March 3, 2011

Twitter and Geolocation with Ruby

It goes without saying that there is TONS of data on Twitter, luckily there is a nice API to be able to read some of that data. There are a good number of apps annd sites that are using this data and making some great services that help with analyzing, sorting, and parsing content from other social networks. So I wanted to take a quick look at what it takes to read some data from the Twitter API from Ruby and write a little fun code that also does some Geolocation based on your friends location they enter on Twitter. Read more

February 17, 2011

MD5 hashing in Python, Ruby and Groovy

Hopping around from languages to languages, its easy to forget how to do something, nothing that a quick Google search can’t help with but I wanted to make this posting for myself to save some time. MD5 is used all over the place, its a one way hash that can be used for checking the integrity of files, storing passwords in databases and checking text being passed around. I do want to add a note here about using MD5 hashes for storing passwords in a database, I would start by looking at SHA-1 along with using salt this will help ensure if anyone gets a hold of your database they can just use rainbow table to workout the plain text of the password. Read more

October 2, 2010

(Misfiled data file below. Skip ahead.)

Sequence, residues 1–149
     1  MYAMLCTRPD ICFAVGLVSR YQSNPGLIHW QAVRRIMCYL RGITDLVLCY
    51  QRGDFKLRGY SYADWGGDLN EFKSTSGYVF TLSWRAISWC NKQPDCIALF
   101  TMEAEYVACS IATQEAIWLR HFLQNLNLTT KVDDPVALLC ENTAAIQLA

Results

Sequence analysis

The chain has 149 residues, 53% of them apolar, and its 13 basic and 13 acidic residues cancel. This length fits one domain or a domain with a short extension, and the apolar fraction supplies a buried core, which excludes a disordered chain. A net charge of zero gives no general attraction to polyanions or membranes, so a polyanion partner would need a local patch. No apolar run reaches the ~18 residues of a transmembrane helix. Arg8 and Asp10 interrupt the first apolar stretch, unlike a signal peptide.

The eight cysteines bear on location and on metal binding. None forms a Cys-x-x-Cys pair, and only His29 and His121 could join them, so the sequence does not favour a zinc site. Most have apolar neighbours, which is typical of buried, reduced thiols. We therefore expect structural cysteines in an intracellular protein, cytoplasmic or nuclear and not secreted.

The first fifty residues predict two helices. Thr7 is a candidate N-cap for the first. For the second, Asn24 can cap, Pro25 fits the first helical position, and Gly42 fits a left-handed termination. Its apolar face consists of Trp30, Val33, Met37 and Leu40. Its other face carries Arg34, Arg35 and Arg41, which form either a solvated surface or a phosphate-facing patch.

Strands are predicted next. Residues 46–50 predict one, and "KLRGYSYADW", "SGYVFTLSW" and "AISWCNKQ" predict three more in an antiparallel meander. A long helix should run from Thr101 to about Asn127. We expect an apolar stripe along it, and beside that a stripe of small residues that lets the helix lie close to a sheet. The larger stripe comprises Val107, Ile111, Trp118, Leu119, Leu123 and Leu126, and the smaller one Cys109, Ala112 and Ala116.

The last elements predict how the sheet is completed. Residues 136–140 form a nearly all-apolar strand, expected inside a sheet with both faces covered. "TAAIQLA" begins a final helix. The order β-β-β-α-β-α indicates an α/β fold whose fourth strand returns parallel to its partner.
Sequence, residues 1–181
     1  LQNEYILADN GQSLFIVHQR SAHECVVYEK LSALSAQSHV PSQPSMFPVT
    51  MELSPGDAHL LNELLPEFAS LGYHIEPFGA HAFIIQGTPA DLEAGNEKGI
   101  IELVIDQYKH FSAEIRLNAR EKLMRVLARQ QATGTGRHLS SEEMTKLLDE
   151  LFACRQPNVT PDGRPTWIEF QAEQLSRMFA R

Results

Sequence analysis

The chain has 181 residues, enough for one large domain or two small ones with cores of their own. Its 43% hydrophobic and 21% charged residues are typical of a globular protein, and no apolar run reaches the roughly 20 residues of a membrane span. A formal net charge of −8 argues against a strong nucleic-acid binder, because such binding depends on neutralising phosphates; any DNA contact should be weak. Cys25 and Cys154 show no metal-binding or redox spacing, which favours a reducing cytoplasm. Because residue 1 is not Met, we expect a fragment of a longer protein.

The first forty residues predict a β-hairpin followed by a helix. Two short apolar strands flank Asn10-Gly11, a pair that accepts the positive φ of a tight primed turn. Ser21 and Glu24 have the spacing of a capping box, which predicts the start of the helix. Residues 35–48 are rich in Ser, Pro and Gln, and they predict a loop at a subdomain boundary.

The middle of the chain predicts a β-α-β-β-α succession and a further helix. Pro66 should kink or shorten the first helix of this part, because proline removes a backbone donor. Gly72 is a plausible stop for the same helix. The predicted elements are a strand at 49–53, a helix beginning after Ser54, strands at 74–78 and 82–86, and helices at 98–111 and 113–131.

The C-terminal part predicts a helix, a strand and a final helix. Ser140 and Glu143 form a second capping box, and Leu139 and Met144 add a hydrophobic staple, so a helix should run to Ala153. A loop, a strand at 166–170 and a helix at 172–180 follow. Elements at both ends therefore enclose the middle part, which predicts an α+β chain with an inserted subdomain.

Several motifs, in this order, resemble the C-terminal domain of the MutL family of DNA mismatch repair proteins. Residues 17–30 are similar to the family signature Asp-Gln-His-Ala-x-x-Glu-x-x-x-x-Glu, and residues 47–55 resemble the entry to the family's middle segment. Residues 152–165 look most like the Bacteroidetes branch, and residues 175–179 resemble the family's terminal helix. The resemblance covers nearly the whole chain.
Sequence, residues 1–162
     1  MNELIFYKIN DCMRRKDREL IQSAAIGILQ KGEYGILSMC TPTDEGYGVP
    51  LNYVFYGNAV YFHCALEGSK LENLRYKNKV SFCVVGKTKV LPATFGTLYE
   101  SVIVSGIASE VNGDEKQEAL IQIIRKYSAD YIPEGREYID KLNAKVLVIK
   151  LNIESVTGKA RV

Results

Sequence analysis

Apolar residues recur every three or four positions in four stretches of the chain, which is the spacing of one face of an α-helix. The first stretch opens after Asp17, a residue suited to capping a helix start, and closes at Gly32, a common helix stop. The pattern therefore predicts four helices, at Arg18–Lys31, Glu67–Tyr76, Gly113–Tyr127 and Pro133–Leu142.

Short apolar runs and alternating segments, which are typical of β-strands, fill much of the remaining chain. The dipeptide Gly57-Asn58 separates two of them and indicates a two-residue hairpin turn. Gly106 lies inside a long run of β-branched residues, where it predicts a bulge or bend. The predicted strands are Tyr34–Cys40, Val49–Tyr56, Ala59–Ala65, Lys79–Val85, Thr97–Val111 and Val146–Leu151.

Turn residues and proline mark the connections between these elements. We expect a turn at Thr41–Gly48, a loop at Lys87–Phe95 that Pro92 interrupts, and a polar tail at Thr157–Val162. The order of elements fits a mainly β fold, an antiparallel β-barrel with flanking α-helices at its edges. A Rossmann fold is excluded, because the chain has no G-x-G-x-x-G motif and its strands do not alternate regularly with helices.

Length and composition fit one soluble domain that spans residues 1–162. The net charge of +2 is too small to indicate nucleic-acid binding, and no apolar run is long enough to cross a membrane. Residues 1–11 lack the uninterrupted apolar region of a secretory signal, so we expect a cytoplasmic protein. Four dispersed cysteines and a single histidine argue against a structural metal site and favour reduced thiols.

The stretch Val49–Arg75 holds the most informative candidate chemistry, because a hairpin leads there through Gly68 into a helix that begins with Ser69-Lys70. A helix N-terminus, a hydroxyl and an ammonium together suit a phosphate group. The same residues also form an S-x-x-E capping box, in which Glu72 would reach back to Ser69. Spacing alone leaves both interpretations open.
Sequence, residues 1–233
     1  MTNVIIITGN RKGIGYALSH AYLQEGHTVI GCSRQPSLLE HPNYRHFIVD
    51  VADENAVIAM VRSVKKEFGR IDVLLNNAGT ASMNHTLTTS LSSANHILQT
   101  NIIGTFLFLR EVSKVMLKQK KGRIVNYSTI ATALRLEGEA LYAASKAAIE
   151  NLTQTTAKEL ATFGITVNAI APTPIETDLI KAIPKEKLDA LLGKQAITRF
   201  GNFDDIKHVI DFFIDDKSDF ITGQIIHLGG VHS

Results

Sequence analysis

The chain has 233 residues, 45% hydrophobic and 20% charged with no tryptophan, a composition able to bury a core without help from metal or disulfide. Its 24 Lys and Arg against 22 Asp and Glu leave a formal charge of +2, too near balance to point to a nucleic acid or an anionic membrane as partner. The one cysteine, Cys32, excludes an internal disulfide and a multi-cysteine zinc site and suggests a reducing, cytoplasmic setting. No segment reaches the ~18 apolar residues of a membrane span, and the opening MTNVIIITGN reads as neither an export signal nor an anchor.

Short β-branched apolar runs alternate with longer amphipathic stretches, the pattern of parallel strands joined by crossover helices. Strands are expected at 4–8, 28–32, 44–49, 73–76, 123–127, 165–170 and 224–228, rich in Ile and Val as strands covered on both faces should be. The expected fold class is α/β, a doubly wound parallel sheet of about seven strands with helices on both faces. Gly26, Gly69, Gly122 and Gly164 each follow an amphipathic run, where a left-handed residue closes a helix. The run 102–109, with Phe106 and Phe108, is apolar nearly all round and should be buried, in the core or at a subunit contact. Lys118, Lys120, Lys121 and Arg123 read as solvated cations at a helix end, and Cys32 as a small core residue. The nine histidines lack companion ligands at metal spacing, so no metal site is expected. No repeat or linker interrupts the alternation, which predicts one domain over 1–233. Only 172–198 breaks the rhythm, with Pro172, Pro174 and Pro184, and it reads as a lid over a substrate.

Ruby, HTTP Post and Lyris ListManager

A bit ago at work I was asked to help a customer with a solution for using the Lyris ListManager’s SOAP API with just HTTP Post calls. They just needed to see some sample code that they could use to re-write. SOAP is XML based, you send and get back XML. Just using HTTP Post you need to format the XML you are sending and then parse out the information you get back from the SOAP server. Read more

May 9, 2010

Pulling data from the Warcraft Armory with Ruby

Update: New code using Battle.net’s REST API can be found here. For the people that play World of Warcraft, you know there is a great site made by Blizzard that keeps all your characters and guild information called the armory. If you take a good look at the site you will see its XML being formatted by XSLT. This is really great for people that want to script something to pull data from the armory because XML is really easy to parse. Read more

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